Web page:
By Rick Steves
So much to see, so little time. How to choose? To help you get started, I've listed my top picks for where to go in Scandinavia, my plan for your best three-week trip, and tips on when to go.
Depending on the length of your trip, and taking geographical proximity into account, here are my recommended priorities:
- 4 days: Copenhagen, Stockholm (connected by a 5.5-hour express train)
- 6 days, add: Oslo
- 8 days, add: Norway in a Nutshell fjord trip, Bergen
- 10 days, add: Overnight cruise from Stockholm to Helsinki
- 14 days, add: Ærø, Odense, Roskilde, Frederiksborg (all in Denmark)
- 17 days, add: Aarhus (Denmark), Kalmar (Sweden)
- 21 days, add: Tallinn (Estonia) and more time in capitals
- 24 days, add: More Norwegian countryside or Stockholm's archipelago
Scandinavia's Best Three-Week Trip (by Train and Boat)
Day 1: Arrive in Copenhagen (sleep in Copenhagen)
Day 2: Copenhagen (sleep in Copenhagen)
Day 3: Copenhagen (sleep in Copenhagen)
Day 4: Roskilde, Odense, Ærø (sleep in Ærøskøbing)
Day 5: Ærø (sleep in Ærøskøbing)
Day 6: Ærø to Kalmar (sleep in Kalmar)
Day 7: Kalmar (sleep in Kalmar)
Day 8: Kalmar, early train to Stockholm (sleep in Stockholm)
Day 9: Stockholm (sleep in Stockholm)
Day 10: Stockholm, night boat to Helsinki (sleep on boat)
Day 11: Helsinki (sleep in Helsinki)
Day 12: Helsinki, afternoon boat to Tallinn (sleep inTallinn)
Day 13: Tallinn, night boat to Stockholm (sleep on boat)
Day 14: Stockholm, afternoon train to Oslo (sleep in Oslo)
Day 15: Oslo (sleep in Oslo)
Day 16: Oslo (sleep in Oslo)
Day 17: Train and boat to Aurland (sleep in Aurland)
Day 18: Aurland to Bergen via fjord cruise (sleep in Bergen)
Day 19: Bergen (sleep in Bergen)
Day 20: Free day: more fjords, resting, or whatever
Day 21: Trip over
If you want to see Legoland (near Billund) and the "bog man" (in Aarhus), visit these from Odense (closer) or Copenhagen. You could save lots of time by flying from Tallinn to Oslo.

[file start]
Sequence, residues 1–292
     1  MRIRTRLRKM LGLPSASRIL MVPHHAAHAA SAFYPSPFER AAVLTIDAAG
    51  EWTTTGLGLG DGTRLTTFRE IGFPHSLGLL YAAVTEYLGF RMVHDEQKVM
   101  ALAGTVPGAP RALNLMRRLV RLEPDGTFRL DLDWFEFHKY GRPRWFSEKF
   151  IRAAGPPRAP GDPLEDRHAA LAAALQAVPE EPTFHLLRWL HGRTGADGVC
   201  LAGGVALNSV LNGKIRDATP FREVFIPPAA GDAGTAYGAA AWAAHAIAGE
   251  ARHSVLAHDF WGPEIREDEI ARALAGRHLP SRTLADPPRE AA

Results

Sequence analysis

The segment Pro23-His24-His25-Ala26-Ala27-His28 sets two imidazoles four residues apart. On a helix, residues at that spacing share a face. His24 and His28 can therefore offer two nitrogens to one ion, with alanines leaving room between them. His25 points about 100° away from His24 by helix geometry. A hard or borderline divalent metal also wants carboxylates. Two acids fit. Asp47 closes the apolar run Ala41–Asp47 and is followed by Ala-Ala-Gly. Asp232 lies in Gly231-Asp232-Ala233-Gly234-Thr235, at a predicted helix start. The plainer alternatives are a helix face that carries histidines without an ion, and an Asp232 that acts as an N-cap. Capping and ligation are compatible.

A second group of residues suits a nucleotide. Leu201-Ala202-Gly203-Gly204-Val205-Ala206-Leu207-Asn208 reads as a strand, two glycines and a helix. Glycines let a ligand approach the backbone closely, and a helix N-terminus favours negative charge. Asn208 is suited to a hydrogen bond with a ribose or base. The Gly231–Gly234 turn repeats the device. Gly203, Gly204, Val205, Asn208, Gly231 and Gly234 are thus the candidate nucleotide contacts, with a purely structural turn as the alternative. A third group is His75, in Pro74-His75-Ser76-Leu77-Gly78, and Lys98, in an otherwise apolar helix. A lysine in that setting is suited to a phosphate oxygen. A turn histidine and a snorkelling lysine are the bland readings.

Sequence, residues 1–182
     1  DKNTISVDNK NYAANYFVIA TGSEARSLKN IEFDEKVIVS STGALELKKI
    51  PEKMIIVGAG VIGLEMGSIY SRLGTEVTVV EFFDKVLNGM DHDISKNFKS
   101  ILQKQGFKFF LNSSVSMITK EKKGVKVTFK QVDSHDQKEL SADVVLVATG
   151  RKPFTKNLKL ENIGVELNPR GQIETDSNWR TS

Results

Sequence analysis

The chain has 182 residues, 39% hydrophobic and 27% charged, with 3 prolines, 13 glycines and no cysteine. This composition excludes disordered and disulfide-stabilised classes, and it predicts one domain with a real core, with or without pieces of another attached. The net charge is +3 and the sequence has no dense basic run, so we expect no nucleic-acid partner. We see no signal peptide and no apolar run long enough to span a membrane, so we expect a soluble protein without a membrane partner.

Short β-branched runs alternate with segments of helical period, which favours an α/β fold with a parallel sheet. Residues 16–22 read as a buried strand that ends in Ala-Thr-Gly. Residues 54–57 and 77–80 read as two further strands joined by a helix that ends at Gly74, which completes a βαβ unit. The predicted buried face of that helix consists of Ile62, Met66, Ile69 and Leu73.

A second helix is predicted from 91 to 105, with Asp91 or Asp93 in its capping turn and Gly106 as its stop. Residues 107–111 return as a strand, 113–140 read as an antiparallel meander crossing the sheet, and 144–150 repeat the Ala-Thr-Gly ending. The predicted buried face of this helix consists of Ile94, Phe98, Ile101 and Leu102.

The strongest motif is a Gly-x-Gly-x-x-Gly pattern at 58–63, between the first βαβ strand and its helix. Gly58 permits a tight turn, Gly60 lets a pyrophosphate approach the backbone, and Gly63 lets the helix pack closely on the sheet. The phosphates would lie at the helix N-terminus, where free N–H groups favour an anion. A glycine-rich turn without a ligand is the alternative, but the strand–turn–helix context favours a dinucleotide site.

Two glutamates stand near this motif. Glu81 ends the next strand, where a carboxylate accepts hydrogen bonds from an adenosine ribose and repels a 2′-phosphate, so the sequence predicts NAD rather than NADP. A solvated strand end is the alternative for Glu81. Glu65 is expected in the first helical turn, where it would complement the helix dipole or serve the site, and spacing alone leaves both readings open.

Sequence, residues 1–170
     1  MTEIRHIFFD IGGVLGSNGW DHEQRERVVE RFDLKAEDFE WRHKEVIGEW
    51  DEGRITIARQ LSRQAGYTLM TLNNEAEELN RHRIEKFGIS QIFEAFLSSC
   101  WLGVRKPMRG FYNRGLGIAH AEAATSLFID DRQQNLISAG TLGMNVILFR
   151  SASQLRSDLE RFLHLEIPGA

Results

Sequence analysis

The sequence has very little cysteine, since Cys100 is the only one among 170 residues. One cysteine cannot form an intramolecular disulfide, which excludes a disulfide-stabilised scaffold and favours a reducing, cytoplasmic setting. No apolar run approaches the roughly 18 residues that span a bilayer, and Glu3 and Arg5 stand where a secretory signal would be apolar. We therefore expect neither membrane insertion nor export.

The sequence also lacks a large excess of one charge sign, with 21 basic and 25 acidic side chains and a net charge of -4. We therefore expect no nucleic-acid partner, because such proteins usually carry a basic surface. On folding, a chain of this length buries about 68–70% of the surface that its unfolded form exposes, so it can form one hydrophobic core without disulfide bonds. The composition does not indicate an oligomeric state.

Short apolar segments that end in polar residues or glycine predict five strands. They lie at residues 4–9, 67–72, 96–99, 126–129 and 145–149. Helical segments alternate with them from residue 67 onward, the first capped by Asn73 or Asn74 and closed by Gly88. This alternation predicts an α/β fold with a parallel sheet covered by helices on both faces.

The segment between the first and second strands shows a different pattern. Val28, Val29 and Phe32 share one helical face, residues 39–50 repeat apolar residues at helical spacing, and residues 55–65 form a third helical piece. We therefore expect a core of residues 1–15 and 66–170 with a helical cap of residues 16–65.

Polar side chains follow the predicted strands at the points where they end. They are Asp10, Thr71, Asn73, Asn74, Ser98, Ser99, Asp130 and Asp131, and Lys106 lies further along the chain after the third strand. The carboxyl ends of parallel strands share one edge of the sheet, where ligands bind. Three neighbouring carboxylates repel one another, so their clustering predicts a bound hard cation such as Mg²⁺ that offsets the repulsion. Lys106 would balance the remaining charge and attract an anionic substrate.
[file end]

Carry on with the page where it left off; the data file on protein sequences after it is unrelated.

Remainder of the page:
When to Go
Summer is a great time to go. Scandinavia bustles and glistens under the July and August sun; it's the height of the tourist season, when all the sightseeing attractions are open and in full swing. In many cases, things don't kick into gear until midsummer — about June 20 — when Scandinavian schools let out. Most local industries take July off, and the British and southern Europeans tend to visit Scandinavia in August. You'll notice crowds during these times, but up here "crowds" mean fun and action rather than congestion. At these northern latitudes, the days are long — on June 21 the sun comes up around 4:00 in Oslo and sets around 23:00. Things really quiet down when the local kids go back to school, around August 20.
"Shoulder-season" travel — in late May, early June, and September — lacks the vitality of summer but offers occasional good weather and minimal crowds. Norway in particular can be good from late May to mid-June, when the days are long but the tourist lines are short.
Winter is a bad time to explore Scandinavia unless winter sports are high on your agenda. Like a bear, Scandinavia's metabolism slows down, and many sights and accommodations are closed or open on a limited schedule (especially in remote fjord towns). Business travelers drive hotel prices way up. Winter weather can be cold and dreary. Days are short, and nighttime will draw the shades on your sightseeing well before dinner. Christmastime activities (such as colorful markets and Copenhagen's festively decorated Tivoli Gardens) offer a brief interlude of warmth at this chilly time of year.